Harrisment (what universities should expect)

Adrian Ivakhiv (ai@YORKU.CA)
Fri, 21 Nov 1997 09:35:23 -0500

Sorry for the length of this, but it seems significant enough for everyone
in academia to read & to ponder. It's a fragment of a speech given by Mike
Harris a few days ago... which suggests the Tory revolutionaries are getting
ready to start chopping university programs and departments and reassigning
us elsewhere...

Should we avoid the rush and redesign ourselves now? Should the geographers
& sociologists among us (not to mention philosophers, those dark-age
dinosaurs) be encouraged to jump ship and fend for themselves with all the
students clamoring at the walls of computer science departments? How else to
ensure a good payoff on taxpayers' investments in our programs?

Adrian Iwachiw (Ivakhiv)
Faculty of Environmental Studies / Science & Technology Studies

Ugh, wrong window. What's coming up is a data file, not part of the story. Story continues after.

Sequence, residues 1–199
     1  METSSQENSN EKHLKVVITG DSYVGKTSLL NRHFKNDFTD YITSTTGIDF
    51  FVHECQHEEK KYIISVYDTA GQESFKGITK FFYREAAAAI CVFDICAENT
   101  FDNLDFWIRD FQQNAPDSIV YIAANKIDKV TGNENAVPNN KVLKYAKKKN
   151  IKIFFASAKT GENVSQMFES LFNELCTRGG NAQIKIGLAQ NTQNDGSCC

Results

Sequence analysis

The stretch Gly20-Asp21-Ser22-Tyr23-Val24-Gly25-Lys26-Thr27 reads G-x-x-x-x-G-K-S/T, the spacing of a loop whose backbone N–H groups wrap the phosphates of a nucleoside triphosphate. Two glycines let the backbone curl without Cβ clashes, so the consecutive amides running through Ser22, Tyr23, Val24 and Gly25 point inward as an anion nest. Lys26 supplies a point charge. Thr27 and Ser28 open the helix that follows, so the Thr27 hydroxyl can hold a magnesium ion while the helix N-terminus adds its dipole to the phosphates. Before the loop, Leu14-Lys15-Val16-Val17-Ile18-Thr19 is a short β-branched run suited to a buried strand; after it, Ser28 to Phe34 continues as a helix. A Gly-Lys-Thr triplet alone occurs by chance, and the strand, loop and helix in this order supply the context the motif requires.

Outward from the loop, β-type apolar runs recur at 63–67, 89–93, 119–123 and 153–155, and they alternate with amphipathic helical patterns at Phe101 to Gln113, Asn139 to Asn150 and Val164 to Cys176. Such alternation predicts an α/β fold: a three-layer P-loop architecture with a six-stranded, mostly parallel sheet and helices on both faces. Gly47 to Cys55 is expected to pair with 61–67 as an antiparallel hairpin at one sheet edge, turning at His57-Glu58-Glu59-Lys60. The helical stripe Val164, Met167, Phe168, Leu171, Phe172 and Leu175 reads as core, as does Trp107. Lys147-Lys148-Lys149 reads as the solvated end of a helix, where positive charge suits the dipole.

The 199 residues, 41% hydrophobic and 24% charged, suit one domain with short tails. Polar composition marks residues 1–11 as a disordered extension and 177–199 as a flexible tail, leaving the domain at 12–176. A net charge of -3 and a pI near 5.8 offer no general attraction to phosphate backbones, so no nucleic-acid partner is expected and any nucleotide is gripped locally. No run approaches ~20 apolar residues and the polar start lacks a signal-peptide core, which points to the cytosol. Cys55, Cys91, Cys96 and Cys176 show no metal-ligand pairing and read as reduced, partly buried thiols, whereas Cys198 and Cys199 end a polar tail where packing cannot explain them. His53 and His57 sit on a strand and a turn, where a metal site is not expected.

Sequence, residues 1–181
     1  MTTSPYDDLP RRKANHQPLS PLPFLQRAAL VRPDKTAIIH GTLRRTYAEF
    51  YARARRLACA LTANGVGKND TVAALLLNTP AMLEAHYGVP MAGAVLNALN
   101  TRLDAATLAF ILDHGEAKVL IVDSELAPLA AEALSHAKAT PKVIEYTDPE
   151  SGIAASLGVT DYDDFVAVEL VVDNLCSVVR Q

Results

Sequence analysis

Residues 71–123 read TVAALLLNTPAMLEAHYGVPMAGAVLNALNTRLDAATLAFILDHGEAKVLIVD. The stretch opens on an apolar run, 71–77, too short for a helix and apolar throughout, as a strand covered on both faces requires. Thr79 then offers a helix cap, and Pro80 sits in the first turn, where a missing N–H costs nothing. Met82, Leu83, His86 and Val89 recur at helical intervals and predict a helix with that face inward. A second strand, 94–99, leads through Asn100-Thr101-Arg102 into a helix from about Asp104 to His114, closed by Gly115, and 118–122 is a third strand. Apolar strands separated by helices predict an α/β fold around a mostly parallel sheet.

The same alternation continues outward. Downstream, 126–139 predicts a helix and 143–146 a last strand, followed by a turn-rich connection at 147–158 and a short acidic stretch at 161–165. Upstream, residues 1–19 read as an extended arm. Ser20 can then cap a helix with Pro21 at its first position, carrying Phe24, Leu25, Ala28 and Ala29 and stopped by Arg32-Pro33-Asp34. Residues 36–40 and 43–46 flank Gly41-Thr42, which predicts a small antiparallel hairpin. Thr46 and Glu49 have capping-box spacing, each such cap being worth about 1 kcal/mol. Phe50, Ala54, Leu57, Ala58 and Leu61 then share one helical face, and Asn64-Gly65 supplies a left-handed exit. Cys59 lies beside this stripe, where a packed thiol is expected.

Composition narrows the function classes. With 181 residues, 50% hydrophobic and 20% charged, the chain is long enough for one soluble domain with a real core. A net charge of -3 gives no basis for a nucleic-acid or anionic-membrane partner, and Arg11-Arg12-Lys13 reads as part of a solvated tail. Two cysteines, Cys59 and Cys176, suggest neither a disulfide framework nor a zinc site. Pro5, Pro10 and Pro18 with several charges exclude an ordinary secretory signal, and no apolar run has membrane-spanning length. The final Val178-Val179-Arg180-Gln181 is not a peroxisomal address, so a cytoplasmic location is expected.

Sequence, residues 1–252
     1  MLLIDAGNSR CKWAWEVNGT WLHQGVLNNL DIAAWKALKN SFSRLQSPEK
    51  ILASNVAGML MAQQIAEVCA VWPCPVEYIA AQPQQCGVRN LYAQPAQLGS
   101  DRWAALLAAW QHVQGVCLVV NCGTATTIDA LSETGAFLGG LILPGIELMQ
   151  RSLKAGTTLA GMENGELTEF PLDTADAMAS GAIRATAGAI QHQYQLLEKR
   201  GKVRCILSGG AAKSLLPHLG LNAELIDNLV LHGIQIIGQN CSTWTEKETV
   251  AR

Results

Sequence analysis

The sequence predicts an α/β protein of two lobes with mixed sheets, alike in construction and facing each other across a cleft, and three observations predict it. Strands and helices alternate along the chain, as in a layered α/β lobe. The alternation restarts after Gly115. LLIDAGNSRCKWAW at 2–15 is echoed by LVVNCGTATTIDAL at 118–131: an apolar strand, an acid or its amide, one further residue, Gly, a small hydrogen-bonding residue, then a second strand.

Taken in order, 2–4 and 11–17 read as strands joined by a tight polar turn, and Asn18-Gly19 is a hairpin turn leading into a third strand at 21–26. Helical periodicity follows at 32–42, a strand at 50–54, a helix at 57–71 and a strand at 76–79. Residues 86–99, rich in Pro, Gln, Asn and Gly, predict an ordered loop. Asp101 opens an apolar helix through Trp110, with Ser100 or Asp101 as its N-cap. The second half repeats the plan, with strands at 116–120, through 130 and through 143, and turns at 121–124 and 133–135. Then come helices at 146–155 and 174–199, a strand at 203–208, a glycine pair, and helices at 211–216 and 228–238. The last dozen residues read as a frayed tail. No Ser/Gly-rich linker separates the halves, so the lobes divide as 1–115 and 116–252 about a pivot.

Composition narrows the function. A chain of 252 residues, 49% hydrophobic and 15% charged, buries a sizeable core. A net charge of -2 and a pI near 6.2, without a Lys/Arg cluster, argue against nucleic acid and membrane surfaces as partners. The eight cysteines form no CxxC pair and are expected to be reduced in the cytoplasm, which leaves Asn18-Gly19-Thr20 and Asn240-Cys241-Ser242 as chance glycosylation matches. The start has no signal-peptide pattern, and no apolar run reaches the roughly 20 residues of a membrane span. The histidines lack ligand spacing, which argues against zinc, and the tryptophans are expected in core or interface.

York University

---------- Forwarded message ----------
Date: Thu, 20 Nov 1997 15:35:27 -0500
From: Erika Shaker <erikas@policyalternatives.ca>
To: c4ed-l@netserver.web.net
Subject: Re: C4ED-L Wasted Courses!?

the speech in its entirety can be obtained from mike's media person at
416-325-7600. it was at the council of universities summit yesterday at
the convention centre. the reference to certain "irrelevant" programs is
as follows:

"who in the university system will decide to reduce enrollments or close
progrmas when there are few jobs available in a profession, like certain
professional or phd programs? for example, do we need 10 phd programs in
geography, or 6 in sociology?

who is responsible for opening or expanding programs in fields where there
are significant shortages, like computer science and software engineering?

our government respects the autonomy of universities in our education
system. but i suggest that there are no avenues for change to rule out as
we face the challenges of the next century.

we need universities on side as a willing partner in addressing questions
about their future--questions that, to a large degree, should find their
answers from within the system.

so this is where we find ourselves today. decisions must be made about
ensuring good value for students and taxpayers in their investment in
post-secondary education."